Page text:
Resist went on to be one of Oregon’s most well-known anarchist punk bands, though they rarely played outside of their hometown. They managed to keep themselves together from the late ‘80s through 1994, at a time when most bands in Eugene were splitting up and reforming every 10 seconds. When Resist finally did split, the members went on to form other notable bands including Godless, Defiance and Severed Heads Of State. For the next generation of punks, Resist was myth and legend until three of the four original members (Kelly Halliburton, Tom Nims and Ward Young) joined up for a reunion show in 2007.  Nims and Young are keeping it going and are playing several West Coast shows throughout this year, one of which is Corvallis’ upcoming Punk in the Park show. Resist, Adelitas, The Wobblies, Angries, Muckraker, Solid Gold, Blood on the Banjo and Bad Terms play from 1 pm to 9 pm Saturday, Sept. 13, at Bruce Starker Arts Amphitheatre, Corvallis. $7. — Vanessa Salvia



Final Opening Night

If you have to move, say, to the Nashville Symphony, a sizeable step up from Eugene, best to go out with a bang. Or so planned Eugene Symphony Music Director Giancarlo Guerrero, who wanted music with a flourish for his last opening concert here.

Terrence Wilson

The program hits hard on popular, energetic Russian music, including Rimsky Korsakov’s Russian Easter Overture, Rachmaninoff’s Piano Concerto No. 3 and the 1945 version of Stravinsky’s suite from the ballet Firebird. The orchestra’s musicians, in the midst of a crazed fall schedule that includes three free conductor search concerts and a special appearance by Yo-Yo Ma, will be all warmed up by the time Sept. 18 rolls around.

“One of the languages [the Eugene] orchestra plays well is Russian,” Guerrero says (just after finishing a rehearsal in Nashville, where he’s about to conduct three performances with Sir James Galway). “Russian music is so colorful, and it works well in the Hult Center,” he adds.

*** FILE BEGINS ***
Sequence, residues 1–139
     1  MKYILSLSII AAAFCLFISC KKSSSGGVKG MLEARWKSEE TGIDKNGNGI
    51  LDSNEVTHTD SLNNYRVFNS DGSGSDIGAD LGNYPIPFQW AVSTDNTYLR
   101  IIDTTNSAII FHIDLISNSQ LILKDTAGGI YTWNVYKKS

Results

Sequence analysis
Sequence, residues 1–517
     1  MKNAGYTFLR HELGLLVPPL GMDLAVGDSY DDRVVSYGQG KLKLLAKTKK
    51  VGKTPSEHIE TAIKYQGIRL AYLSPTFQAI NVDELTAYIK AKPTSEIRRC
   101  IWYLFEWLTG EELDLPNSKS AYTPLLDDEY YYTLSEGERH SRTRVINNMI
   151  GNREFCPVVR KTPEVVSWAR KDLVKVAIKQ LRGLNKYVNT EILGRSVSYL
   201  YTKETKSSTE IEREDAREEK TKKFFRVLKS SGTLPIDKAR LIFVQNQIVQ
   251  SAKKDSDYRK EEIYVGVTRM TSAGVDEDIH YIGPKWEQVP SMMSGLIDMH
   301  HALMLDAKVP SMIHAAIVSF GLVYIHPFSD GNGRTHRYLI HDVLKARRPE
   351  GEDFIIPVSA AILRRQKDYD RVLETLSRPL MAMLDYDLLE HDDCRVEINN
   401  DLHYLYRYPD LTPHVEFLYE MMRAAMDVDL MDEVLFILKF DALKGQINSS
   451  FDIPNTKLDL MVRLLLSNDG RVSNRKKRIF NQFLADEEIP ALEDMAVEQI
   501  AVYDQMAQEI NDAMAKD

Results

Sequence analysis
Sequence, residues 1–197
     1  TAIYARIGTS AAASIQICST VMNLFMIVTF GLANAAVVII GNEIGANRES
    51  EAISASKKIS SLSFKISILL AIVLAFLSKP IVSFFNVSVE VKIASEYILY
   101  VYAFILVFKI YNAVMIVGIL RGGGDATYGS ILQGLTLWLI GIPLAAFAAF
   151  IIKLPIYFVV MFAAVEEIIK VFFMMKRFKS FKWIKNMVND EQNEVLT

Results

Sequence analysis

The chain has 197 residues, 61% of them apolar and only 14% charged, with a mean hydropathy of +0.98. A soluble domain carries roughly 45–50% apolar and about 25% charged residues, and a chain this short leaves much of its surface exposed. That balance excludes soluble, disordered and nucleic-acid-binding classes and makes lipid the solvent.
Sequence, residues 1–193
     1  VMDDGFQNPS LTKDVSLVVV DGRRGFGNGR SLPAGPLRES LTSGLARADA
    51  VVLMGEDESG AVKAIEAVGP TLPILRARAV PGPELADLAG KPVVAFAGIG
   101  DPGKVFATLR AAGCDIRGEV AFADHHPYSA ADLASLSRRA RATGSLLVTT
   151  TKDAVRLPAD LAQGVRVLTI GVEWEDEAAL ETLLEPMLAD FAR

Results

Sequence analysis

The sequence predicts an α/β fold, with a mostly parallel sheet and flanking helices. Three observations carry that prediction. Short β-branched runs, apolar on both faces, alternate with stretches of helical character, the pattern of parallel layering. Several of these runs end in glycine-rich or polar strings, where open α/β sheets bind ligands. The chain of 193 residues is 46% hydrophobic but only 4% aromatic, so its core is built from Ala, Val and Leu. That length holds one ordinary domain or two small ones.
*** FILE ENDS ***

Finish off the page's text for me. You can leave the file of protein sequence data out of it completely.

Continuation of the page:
Guerrero — who’s skilled at bringing strong soloists to Eugene — says he’s happy to work with Terrence Wilson on the Rachmaninoff. Wilson was commissioned by the Charlotte Symphony to perform the premiere of Michael Daugherty’s piano concerto, Deus ex Machina, in March 2007, and Guerrero served as that concert’s conductor. The music director says, “It was almost like an arranged marriage, but we connected so well, and I immediately looked at hiim as someone to explore the repertoire with.” Rachmaninoff’s Piano Concerto No. 3 serves as a famously difficult test for pianists, and Guerrero says, “It really showcases Terrence’s virtuousity.”

The Eugene audience will recognize much of the music in the final, showcase piece, Stravinsky’s Firebird Suite. The familiar music should be enjoyable for everyone, Guerrero says. “It’s fun to conduct when the musicians are looking forward to the music. I just have to stand up there and move my hands; the music almost comes by itself.”

Guerrero’s final opener begins and ends with big, enjoyable, accessible music. The Eugene Symphony plays at 8 pm Thursday, Sept. 18, at the Hult Center. $15-$66. — Suzi Steffen